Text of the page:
Listening #105 Page 2
With regard to playback software, the point has been made and made well: Every digital music player aimed at the perfectionist market is available for a free demo of one sort or another. Try them all and buy the one you like the best or stick with your free copy of iTunes and embrace the not-entirely-loony hope that Apple will someday refine it. For now, my preferred software remains Stephen Booth's Decibel ($33), though ChannelD's Pure Music ($129) is also superb and offers an excellent user interface for its very reasonable price.
My good fortune is even gooder than average, extending as it does to computer-audio hardwarea privilege for which I'm grateful, having now sampled the entry-level HRT Music Streamer II ($150), the Wavelength Audio Cosecant ($3500), and a dozen other USB DACs priced somewhere in between. As you may recall, I'm very impressed with the Ayre Acoustics QB-9 ($2750), especially since its recent revision, but my budget doesn't stretch that far. I've compromised by purchasing a Wavelength Proton ($900), an asynchronous converter (designer J. Gordon Rankin wrote the book on that characteristic) that goes up to 24-bit/96kHz and charges its own lithium-ion battery from the 5VDC that appears on the USB bus itself. Most important, it sounds great: surprisingly like the more expensive Wavelength DACs in its ability to suggest tonal complexity, and in its blessed freedom from ringing and zizzing.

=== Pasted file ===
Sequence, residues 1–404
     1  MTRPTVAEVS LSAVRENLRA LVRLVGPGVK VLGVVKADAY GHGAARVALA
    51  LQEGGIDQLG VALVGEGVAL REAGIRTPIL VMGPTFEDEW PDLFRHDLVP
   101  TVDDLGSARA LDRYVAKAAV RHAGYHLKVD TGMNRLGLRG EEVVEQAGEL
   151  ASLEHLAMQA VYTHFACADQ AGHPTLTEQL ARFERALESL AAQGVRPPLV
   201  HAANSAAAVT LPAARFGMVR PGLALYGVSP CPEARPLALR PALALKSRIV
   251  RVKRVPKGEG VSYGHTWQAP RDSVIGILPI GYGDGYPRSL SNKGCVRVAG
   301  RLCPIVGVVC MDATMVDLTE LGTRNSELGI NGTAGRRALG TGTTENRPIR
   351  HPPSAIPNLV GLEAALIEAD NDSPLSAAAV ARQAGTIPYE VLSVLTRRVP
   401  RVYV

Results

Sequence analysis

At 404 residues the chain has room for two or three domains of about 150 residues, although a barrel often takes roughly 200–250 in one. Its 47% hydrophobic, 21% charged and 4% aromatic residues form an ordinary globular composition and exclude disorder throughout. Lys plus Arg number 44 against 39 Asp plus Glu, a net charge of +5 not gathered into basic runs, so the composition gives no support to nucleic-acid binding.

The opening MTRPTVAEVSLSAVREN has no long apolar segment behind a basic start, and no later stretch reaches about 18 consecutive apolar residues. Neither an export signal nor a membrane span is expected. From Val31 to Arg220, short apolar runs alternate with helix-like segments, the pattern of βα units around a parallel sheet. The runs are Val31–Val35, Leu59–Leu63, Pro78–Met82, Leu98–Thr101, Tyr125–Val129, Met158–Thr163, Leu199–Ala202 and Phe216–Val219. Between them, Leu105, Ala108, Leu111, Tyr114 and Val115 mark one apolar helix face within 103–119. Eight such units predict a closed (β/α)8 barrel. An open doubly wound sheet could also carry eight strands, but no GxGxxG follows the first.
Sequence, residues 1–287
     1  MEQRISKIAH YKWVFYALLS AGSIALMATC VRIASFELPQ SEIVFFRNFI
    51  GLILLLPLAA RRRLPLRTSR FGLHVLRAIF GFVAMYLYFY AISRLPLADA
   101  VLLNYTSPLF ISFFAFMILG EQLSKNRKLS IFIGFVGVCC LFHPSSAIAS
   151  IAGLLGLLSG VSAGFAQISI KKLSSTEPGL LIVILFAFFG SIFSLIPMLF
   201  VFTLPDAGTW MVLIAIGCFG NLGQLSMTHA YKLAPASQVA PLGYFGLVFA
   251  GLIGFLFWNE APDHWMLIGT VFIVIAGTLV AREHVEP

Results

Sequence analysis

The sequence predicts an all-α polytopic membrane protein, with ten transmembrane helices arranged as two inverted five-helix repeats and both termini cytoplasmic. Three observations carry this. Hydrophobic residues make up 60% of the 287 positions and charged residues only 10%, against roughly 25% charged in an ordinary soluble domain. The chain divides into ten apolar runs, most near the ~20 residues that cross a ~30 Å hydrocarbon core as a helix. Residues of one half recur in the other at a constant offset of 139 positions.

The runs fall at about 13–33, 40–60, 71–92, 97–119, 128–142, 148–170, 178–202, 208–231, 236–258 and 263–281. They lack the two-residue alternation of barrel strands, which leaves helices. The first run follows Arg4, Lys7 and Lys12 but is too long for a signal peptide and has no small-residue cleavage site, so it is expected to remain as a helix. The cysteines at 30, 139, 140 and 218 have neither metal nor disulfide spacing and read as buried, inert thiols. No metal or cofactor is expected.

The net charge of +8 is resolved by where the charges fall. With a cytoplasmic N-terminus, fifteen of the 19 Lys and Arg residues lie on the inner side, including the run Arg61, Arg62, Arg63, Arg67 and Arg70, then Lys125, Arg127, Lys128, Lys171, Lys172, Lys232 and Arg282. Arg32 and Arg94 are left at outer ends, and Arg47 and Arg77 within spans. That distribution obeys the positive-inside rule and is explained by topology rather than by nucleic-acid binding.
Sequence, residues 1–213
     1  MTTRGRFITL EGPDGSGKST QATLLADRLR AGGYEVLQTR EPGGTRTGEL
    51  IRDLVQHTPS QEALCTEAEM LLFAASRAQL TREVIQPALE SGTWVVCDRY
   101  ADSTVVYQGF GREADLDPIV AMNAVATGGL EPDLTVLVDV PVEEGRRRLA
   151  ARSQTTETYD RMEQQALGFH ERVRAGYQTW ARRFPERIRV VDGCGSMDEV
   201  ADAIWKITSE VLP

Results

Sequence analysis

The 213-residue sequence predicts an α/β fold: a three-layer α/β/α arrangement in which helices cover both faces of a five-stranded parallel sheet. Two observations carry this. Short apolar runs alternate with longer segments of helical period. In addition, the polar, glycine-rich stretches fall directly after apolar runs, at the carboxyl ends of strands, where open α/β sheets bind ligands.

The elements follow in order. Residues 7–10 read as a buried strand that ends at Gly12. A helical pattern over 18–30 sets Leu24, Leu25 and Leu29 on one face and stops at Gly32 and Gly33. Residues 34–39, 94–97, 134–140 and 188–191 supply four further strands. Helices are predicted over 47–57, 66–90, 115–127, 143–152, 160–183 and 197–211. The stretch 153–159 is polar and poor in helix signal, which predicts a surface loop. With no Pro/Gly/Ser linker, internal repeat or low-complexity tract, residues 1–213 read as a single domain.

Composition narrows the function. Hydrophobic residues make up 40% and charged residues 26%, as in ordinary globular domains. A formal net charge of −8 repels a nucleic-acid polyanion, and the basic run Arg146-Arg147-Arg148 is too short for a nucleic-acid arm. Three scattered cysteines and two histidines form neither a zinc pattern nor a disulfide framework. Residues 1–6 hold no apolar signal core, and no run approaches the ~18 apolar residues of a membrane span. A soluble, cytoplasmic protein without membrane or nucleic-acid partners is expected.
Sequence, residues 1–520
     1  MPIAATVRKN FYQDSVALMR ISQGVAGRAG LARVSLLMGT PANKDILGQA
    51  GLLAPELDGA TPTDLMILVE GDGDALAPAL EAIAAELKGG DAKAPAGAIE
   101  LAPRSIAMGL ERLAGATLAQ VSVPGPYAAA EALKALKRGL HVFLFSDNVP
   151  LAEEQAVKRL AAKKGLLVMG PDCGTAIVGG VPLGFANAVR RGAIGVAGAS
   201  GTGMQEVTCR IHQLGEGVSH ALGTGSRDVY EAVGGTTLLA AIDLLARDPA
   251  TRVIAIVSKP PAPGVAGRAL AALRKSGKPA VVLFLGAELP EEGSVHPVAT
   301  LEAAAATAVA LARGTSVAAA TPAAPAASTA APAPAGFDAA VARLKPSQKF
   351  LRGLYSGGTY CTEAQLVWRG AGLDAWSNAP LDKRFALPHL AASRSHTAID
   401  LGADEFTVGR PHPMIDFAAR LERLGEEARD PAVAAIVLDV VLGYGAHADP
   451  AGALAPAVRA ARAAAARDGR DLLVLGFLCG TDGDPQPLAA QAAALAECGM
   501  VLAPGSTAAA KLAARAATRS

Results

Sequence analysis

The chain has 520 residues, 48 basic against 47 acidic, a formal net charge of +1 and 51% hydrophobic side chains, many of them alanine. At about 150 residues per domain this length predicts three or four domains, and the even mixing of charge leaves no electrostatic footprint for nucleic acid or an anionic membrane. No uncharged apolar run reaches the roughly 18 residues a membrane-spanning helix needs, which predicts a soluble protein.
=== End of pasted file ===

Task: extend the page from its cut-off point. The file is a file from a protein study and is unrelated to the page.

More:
My reference preamplifier remains the Shindo Masseto ($13,500) I bought a few years ago, and from which I've now removed the stock (Lundahl) step-up transformers, thus giving me two switch-selectable, moving-magnet phono inputs with which to use the aforementioned Auditorium 23 and Silvercore transformers, plus whatever else comes my way.
From the Masseto's transformer-coupled outputs, the signal travels to one of three amplifiers, depending on my mood and the loudspeakers in use. First is the Shindo Corton-Charlemagne ($13,995/pair), a 25W monoblock that uses two fixed-bias EL34 pentode tubes in Ultralinear mode, and that has evolved through a series of subtle changes during its long tenure as Shindo Laboratory's most affordable mono amp. (Mine are from the production run when 12AY7 dual triodeswhich themselves replaced EF183 pentodeswere used as phase inverters/drivers and 6AU4s were the rectifiers.)
Second is the 20Wpc Shindo Haut-Brion ($10,000), a stereo amp that uses one pair of push-pull 6L6GAY beam power tubes (no signal on the screen grids) per channel andunusually for Shindo, as far as I knowa bit of global feedback, driving a custom-made Lundahl transformer with a 16-ohm secondary. I'm in the process of buying the Haut-Brion (I intend to pay it off by the end of this year), which sounds tight and detailed with my Quad ESLs while delivering plenty of tubey texture and color.
Third is a new addition to my stable: the Fi 421A ($3275), which is, as far as I know, the only stereo amplifier in the world that has only one output tube. (The Western Electric 421A is a hefty dual triode that can develop 4W across an 8-ohm load.) The 421A replaces my Fi 2A3 Stereo, which I owned for 12 years, and sounds as wonderful with my Audio Note speakers as with the Voxativ Ampeggios I wrote about last month. (A full appreciation of the Fi will appear in a future "Listening" column.)